I have a 2000 Ford Escort ZX2 with 92,000 miles on it. It recently died in the middle of the road but immediately restarted but ran as if it were on 2 cylinders as opposed to 4. I took it immediately to a mechanic. I was told the timing belt had broke some teeth. So I got that fixed and asked if that fixed the problem to do a deperately needed tune-up. After the timing belt and tune-up I then get a call that apparently 2 valves are bent, they think, but likely. I paid for the labor ($420) for what they had done and they want $1100 more to fix the valves. I am a bit irritated with this particular mechanic. My questions are is $1100 a good price for that and is it worth spending the money to do?
Sounds like they’re being legit. And the prices don’t sound out of line. Whether it’s worth it is a judgement call.
Suggestion; next time the car breaks down, call a towtruck. You might have saved the valves. Maybe, maybe not, but by driving it you did yourself no favors.
Thank you for the reply and I do believe the price for fixing it is legit. However, after they fixed the timing belt they drove it and said it was good it just needed a tune-up. So I gave them permission to do the tune-up then they called about the valve problem. Now it runs worse then it did when I took it in. This whole process took a week to discover.
It was bad that they said the car needed a “tune-up” when the possibility of bent valves existed.
As soon as they saw the engine had a timing belt concern the should have informed you of the possibility of valve train damage.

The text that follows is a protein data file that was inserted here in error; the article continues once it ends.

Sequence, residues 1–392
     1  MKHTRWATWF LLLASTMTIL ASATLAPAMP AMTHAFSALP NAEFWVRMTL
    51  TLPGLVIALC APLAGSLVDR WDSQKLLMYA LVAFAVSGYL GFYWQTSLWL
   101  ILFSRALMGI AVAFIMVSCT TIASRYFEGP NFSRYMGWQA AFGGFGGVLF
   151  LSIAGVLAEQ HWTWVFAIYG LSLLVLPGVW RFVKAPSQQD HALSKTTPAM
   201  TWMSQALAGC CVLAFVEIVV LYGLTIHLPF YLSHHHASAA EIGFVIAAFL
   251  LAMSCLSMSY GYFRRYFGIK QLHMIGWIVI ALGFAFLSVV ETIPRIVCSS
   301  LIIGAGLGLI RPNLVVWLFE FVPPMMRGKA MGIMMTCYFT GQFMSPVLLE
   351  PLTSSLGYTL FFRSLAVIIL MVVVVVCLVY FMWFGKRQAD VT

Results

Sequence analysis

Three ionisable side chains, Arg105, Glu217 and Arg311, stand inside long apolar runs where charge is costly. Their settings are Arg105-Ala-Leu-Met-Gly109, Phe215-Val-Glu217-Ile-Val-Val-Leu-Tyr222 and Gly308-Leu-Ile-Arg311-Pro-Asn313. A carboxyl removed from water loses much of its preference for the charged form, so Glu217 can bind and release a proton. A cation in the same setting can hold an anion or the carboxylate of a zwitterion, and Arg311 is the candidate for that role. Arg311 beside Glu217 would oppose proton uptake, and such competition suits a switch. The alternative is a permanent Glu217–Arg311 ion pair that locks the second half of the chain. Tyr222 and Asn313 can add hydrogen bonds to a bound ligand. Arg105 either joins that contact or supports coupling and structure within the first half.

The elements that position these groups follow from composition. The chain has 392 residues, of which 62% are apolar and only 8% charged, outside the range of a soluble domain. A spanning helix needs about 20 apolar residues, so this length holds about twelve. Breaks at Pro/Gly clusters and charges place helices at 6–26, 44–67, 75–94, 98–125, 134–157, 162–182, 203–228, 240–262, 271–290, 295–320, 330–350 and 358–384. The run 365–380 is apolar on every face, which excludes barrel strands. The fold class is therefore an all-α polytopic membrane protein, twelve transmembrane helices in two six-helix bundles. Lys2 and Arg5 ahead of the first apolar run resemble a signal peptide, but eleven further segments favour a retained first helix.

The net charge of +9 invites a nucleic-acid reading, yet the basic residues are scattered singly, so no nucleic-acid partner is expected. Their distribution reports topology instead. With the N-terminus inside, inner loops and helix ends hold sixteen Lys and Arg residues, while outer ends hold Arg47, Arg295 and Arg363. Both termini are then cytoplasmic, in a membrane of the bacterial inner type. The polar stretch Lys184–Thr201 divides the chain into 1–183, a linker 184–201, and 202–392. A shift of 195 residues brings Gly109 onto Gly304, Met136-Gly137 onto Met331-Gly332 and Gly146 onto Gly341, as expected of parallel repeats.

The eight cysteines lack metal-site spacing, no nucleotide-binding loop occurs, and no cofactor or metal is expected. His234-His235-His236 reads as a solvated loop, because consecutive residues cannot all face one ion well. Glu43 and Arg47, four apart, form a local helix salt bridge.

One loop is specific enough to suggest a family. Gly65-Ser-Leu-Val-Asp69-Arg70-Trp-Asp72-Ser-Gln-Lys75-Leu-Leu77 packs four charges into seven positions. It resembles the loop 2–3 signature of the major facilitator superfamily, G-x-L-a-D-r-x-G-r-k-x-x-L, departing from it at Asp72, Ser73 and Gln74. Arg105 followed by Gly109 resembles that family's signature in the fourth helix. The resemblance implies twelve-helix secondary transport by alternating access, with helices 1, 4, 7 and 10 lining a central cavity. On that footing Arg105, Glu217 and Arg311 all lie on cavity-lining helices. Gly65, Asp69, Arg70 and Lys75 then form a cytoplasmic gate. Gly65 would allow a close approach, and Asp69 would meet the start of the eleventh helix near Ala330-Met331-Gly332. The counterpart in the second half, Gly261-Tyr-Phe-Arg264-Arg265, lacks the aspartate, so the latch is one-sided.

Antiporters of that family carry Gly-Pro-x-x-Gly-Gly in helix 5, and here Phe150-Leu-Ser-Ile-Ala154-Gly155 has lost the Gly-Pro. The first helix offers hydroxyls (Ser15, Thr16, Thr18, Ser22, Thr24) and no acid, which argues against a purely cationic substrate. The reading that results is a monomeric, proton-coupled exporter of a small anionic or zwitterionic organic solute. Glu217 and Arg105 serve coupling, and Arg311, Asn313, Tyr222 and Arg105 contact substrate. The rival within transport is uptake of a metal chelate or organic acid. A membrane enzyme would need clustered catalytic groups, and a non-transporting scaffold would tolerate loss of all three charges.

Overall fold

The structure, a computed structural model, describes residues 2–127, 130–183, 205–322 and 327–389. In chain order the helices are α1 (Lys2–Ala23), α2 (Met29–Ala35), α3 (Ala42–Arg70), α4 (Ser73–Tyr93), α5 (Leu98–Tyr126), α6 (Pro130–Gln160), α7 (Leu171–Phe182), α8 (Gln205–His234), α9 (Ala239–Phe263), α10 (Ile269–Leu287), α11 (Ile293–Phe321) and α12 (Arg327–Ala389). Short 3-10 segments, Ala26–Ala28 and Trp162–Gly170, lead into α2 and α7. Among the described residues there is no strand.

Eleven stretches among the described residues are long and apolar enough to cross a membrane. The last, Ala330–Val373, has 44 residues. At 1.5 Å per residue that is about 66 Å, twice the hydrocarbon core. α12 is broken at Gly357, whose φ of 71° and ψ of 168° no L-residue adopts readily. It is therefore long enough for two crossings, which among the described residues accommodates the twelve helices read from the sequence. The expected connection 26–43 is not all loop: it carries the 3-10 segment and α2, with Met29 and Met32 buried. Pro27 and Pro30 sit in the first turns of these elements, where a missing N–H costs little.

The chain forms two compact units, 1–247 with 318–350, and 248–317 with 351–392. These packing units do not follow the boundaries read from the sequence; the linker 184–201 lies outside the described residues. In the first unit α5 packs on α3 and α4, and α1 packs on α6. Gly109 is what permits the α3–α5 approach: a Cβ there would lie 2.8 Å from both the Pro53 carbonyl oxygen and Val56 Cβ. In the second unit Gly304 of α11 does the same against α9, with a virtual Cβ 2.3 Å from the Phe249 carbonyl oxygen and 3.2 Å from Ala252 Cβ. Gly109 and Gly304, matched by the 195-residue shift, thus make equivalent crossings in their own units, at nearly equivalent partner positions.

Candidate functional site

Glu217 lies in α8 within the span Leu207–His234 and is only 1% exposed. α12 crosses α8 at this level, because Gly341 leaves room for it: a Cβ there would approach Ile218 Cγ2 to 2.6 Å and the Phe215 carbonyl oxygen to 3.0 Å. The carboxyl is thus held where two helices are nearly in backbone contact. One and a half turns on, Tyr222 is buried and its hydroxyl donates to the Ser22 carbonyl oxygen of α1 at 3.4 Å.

After they fixed the belt and started the car and it didn’t run right they should have checked for valve train damage first.
It’s up to you if you want to use this shop again,I say no.
Thank you for the reply
It’s a pretty shaky shop IMHO. They should verify any mechanical problems BEFORE replacing the timing belt and performing a tune-up. It’s easy to do and prevents problems like this.
I’d be a bit irritated too and unfortunately, this kind of thing is somewhat common. Throw parts at a problem rather than perform Step No. 1 which is making sure things are fine in the engine mechanically.
Having reread the original post, it still sounds like they probably did nothing wrong. They proceeded to replace the timing belt, moved on to the tuneup (which, without further information I have to assume it probably did need) and discovered bent valves.
Should they have checked the valves via either a vacuum test or compression test after changing the belt? Perhaps. But if it was clearly in need of a tuneup I can’t honestly fault them for starting there.